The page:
Singer-Songwriter Maxie Mandel Makes a Magnetic Impression With “Someone You’d Love”

Emulating the crisp and captivating vocals of her inspirations Sara Bareilles and Carole King, with lyrical parallels to Taylor Swift’s “Invisible” and Lewis Capaldi’s “Bruises,” 19-year-old Maxie Mandel captures listeners’s hearts in a single melody. Her vivid lyrics detailing an all-too-relatable high school unrequited love compounded with empowering instrumentals instill in her listeners the courage to move on with their heads held high. “Someone You’d Love”’s recognition of the adversities of losing yourself in the pursuit of someone else while simultaneously seeing the singer reevaluate how the situation has taken so much from her is brutally honest and an intrinsic part of teenagehood that’s often overlooked. Mandel’s refusal to shy away from unpleasant topics and instead illuminate them with clarity and candor highlights her vigorous introspection and deeply enriches the ability of so many audiences old and young, to form a bond with her music. 

Q. You’re originally from Philadelphia but are currently residing in Boston. Talk about the similarities and differences between two cities that are relatively close to each other.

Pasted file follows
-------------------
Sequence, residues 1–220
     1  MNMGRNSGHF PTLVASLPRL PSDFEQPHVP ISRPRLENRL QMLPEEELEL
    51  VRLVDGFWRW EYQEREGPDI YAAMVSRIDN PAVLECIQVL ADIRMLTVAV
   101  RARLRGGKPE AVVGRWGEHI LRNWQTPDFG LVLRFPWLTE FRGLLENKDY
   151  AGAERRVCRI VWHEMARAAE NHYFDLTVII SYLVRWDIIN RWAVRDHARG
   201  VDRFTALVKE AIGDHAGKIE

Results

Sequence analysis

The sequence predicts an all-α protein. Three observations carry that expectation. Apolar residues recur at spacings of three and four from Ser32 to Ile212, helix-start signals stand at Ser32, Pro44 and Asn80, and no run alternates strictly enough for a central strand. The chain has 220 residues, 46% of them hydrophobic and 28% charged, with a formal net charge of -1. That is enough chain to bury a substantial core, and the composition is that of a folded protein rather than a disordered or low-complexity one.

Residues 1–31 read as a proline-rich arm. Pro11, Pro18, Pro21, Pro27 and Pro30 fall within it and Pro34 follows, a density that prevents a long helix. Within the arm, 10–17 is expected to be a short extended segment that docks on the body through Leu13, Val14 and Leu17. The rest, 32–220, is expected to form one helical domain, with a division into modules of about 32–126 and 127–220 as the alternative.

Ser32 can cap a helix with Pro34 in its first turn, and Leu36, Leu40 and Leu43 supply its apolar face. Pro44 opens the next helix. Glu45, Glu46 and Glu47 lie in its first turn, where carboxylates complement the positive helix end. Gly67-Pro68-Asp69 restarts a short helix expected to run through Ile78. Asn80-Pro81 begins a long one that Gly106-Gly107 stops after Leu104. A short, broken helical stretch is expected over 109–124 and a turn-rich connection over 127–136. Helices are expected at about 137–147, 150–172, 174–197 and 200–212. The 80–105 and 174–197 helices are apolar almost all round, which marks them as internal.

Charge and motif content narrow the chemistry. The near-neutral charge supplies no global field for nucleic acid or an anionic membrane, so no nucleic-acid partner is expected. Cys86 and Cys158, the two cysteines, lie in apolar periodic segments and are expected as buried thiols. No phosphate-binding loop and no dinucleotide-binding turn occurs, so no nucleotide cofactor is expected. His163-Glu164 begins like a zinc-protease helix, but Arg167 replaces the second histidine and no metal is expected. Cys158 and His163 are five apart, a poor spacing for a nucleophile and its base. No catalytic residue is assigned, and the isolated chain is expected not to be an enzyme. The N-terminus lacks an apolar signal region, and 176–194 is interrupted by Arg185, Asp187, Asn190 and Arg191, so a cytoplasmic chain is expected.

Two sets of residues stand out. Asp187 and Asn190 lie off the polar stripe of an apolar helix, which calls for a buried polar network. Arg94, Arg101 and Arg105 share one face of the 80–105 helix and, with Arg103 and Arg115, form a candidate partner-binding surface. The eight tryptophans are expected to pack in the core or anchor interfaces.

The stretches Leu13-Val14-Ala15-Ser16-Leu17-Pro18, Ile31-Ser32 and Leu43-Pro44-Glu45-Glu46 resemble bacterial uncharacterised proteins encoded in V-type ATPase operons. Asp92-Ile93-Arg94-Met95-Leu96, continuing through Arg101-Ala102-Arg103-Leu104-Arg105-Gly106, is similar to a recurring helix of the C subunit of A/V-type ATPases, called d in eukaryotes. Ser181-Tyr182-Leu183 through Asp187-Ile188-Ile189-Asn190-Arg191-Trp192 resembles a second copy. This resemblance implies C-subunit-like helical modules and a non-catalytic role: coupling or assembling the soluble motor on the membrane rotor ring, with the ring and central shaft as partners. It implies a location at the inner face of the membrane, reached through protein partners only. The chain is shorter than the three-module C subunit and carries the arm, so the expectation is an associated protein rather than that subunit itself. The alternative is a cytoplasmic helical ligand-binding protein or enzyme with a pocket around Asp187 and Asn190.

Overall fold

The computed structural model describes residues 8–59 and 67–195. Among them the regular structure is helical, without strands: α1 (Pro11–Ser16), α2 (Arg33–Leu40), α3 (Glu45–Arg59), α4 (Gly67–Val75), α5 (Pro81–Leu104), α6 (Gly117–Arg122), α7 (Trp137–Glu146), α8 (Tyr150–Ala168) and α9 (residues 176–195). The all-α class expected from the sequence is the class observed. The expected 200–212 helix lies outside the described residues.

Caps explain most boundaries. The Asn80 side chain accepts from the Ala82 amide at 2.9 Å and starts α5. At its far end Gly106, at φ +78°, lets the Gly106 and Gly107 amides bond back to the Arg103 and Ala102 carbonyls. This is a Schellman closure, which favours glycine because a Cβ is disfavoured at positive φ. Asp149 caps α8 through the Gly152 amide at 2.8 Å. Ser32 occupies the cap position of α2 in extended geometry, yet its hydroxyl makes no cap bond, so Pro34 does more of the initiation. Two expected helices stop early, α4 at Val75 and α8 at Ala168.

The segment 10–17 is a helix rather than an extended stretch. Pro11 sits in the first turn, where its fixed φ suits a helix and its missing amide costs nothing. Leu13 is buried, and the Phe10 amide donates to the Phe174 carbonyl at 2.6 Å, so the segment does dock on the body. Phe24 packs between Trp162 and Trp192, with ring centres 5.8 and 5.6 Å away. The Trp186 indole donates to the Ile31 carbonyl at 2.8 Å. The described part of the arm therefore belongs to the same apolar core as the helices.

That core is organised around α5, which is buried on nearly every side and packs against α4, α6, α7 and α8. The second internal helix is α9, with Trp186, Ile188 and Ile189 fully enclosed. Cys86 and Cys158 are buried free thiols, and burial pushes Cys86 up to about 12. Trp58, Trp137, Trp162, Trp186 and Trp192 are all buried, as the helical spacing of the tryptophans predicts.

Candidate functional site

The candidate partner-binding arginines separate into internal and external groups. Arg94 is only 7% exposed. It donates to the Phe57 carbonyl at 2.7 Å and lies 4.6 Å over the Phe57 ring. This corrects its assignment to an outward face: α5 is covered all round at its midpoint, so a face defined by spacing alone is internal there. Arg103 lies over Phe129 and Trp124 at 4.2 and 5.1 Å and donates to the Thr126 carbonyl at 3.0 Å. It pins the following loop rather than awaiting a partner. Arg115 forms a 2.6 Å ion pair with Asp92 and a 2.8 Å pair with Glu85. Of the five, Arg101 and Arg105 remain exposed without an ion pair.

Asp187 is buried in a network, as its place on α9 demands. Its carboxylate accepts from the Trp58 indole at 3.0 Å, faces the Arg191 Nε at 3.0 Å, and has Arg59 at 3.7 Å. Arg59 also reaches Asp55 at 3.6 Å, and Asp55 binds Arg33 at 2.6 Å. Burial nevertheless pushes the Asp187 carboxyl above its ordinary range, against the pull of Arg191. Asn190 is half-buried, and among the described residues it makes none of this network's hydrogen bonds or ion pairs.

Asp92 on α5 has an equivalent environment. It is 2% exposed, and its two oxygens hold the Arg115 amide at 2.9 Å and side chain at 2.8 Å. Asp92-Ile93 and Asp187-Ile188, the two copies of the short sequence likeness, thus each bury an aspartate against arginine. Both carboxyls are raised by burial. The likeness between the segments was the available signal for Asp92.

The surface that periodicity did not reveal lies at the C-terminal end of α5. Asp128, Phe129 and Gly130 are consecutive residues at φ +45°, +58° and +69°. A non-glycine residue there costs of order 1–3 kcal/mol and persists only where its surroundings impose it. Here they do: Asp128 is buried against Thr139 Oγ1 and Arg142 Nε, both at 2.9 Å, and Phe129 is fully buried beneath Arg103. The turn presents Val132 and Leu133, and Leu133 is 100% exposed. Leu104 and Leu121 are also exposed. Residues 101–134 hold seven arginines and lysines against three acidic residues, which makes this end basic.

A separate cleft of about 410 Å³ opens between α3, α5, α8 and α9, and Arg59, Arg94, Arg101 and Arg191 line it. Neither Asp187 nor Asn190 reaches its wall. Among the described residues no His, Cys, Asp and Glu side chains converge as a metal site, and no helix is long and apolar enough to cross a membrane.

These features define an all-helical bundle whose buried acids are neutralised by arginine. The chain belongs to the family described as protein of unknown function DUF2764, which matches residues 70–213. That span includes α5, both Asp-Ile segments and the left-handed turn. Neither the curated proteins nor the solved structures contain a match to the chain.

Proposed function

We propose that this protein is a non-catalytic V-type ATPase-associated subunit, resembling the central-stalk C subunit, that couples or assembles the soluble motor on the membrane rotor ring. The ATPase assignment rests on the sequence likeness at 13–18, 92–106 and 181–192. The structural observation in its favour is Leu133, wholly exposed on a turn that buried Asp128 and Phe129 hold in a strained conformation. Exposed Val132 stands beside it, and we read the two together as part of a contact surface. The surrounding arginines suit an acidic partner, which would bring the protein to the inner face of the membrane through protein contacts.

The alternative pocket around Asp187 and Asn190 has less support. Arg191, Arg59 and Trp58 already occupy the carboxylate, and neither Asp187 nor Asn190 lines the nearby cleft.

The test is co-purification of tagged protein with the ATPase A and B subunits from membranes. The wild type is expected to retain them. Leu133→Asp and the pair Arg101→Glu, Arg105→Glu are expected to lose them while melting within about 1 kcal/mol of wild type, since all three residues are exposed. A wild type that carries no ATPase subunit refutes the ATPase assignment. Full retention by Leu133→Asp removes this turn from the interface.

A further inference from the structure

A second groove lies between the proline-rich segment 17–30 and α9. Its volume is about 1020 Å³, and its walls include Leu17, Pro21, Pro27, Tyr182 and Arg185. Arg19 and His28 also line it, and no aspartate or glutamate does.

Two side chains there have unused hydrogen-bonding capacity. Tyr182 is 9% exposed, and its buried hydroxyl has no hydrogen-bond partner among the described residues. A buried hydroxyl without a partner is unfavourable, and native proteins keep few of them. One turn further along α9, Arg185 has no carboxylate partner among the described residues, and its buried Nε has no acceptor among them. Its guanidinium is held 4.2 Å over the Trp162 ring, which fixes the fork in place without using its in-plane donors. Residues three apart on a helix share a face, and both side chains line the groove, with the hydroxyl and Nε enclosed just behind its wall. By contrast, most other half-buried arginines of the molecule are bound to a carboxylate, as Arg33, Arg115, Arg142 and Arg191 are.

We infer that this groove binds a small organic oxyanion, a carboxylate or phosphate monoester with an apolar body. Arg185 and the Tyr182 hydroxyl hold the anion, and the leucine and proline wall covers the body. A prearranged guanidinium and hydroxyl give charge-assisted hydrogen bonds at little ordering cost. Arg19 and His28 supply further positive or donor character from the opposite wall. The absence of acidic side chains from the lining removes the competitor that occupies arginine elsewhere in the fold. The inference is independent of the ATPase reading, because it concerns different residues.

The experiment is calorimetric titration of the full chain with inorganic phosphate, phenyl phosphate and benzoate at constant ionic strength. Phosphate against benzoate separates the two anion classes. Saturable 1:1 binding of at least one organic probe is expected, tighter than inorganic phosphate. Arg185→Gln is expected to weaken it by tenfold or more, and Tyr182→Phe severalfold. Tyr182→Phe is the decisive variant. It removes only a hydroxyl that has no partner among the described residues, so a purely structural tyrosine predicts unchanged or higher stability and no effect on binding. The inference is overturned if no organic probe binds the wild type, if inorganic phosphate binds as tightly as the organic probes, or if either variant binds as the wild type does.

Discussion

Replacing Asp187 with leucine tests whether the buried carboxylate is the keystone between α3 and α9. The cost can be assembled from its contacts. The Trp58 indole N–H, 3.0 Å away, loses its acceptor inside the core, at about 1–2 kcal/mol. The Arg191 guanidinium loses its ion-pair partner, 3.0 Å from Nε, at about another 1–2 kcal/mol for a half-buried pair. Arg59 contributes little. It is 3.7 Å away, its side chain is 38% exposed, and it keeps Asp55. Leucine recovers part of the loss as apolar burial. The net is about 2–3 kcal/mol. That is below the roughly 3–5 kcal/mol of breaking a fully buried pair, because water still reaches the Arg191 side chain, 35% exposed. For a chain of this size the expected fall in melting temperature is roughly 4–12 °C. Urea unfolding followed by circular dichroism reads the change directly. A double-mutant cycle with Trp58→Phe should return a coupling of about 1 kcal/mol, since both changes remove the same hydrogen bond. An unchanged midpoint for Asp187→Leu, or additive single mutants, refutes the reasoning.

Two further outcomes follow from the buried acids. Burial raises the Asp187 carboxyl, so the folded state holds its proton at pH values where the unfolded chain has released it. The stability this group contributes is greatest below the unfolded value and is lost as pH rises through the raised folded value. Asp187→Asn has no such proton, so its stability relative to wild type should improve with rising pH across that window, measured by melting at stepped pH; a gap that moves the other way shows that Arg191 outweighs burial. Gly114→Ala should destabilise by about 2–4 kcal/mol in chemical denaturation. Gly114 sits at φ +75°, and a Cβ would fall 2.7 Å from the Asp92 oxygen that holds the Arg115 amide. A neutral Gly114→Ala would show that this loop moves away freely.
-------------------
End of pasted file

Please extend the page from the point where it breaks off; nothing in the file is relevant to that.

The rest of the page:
A. Boston and Philly are relatively similar in size and climate, but I think they’re extremely different culturally! Admittedly I’ve only been in Boston for about 2 months, and I’ve barely left Berklee’s campus so I don’t have much of an impression yet. One thing I love about Philly is its rich and deeply rooted music and art scene, which is something I would love to unearth more in Boston! 


Q. You’ve been writing and recording music since the age of 16. How did the tempestuous nature of adolescence help fuel your writing? What challenges did it pose? 

A. I actually wrote my first song at the age of 6, and naturally, it was pretty unserious! But around the age of 11, I began writing to seriously process my emotions. My songs were mostly centered around coping with extreme loneliness and exclusion in my school’s environment and finding the strength and inspiration to keep going. These are themes that I still face today, and I don’t think anyone ever really stops experiencing them. This is why my goal as an artist is to continue to make music that empowers, inspires, uplifts, and spreads positivity.